At the very least a change in the rules, so that such cash purchases in the closing stages of a bid are outlawed, now looks inevitable. Warburg's role in all this also requires close scrutiny. It is plainly anomalous and wrong that bidders should still be allowed to offer a cash premium to hand-picked supporters - this at a time when companies and others are being forced by rules designed to secure equal treatment for investors to go through ridiculous contortions to get any information at all on their affairs into the public domain. For Warburg the fallout from this episode is doubly bad. Not only did it bloody its good name by engaging in such tactics, but having used the ultimate weapon, it still failed.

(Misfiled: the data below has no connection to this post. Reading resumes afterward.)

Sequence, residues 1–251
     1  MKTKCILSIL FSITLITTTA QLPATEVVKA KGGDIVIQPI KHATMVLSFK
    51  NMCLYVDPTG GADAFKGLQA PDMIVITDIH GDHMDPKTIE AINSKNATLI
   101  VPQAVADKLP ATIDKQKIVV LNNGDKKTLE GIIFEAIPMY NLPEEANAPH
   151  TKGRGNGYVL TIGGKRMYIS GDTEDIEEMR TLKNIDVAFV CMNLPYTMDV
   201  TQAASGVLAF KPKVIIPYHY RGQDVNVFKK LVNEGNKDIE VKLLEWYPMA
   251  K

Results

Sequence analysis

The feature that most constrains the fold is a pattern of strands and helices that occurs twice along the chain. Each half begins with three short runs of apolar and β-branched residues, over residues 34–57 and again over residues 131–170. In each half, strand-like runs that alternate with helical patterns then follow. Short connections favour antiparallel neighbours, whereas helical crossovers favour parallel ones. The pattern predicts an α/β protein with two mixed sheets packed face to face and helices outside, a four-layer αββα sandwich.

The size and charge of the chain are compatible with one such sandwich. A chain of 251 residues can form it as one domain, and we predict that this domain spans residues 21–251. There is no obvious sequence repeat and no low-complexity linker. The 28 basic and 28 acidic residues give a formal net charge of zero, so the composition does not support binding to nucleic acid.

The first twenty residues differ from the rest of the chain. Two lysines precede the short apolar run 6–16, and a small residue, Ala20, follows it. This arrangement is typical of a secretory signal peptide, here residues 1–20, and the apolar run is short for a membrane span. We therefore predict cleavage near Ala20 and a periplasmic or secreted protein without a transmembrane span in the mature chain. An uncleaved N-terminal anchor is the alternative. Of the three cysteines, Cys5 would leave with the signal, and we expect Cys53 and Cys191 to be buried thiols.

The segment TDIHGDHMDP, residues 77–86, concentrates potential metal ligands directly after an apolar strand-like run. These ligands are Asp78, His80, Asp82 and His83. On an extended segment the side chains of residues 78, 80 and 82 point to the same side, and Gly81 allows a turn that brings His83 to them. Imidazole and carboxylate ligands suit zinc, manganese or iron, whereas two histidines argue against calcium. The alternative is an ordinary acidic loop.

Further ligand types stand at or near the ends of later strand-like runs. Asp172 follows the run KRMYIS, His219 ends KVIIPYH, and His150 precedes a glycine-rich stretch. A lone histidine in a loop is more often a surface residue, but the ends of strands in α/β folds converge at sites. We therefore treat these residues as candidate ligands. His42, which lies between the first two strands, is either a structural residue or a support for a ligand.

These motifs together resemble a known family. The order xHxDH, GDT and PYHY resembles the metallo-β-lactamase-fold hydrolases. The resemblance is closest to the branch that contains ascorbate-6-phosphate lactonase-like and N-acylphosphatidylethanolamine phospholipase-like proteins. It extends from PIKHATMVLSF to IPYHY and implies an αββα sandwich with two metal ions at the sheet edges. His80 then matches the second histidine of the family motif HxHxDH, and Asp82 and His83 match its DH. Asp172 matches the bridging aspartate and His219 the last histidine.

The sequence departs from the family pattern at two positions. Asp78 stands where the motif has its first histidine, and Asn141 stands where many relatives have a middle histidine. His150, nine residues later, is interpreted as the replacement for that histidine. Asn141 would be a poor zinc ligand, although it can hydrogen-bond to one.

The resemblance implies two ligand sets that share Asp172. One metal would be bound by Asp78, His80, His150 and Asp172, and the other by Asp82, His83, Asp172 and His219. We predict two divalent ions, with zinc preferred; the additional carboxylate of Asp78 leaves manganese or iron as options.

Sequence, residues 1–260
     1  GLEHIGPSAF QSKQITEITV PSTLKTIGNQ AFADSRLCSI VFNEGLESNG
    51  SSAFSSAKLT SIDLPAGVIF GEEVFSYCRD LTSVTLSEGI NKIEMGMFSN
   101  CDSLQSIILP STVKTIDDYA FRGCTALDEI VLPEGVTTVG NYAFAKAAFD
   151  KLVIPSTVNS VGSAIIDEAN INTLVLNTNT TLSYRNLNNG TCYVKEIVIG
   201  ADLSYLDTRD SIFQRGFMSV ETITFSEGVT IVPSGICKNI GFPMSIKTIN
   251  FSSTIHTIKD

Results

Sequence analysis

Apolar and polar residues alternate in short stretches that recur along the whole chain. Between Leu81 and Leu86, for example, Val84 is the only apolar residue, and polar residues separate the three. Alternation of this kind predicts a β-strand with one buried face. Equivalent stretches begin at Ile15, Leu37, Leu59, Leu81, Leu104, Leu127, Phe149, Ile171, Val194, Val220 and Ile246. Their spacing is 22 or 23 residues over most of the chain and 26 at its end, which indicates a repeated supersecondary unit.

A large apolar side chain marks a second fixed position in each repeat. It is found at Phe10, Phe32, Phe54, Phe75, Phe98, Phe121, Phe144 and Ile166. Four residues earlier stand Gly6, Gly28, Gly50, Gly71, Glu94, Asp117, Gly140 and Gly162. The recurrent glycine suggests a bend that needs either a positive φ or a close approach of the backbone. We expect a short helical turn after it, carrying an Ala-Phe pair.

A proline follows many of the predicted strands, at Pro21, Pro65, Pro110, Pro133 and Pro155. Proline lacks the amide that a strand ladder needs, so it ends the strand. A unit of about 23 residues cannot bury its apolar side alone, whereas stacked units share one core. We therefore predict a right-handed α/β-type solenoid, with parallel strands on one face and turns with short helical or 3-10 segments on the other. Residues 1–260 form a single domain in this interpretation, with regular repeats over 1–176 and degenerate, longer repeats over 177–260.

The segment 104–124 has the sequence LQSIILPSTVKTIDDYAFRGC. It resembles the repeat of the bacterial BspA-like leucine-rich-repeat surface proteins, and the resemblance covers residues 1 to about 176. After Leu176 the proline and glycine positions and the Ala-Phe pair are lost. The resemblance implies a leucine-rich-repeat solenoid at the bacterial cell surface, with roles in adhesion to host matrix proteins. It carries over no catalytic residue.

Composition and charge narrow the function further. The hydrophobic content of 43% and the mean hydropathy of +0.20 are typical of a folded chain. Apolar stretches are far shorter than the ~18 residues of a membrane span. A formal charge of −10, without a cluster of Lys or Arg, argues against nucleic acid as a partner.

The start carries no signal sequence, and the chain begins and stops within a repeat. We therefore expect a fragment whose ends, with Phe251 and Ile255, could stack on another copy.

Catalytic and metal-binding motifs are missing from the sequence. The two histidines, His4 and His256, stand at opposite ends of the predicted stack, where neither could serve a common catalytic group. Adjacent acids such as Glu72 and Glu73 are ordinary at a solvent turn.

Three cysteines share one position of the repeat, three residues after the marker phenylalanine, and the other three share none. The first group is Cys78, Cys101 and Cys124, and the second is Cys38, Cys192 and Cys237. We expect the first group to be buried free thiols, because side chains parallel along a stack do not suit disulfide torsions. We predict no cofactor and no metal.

Many in the City refuse to accept that what occurred was a mere misreading of the markets - the official explanation for the debacle - and mutter darkly about something more sinister. Mistakes are often made in the heat of a takeover battle but rarely ones as bad as this one. Why did Warburg embark on such a desperate strategy when it had already warned its client that to do so would so alienate everyone else in the market that it would almost certainly prove counter- productive? Warburg has a lot of questions to answer.Reuse content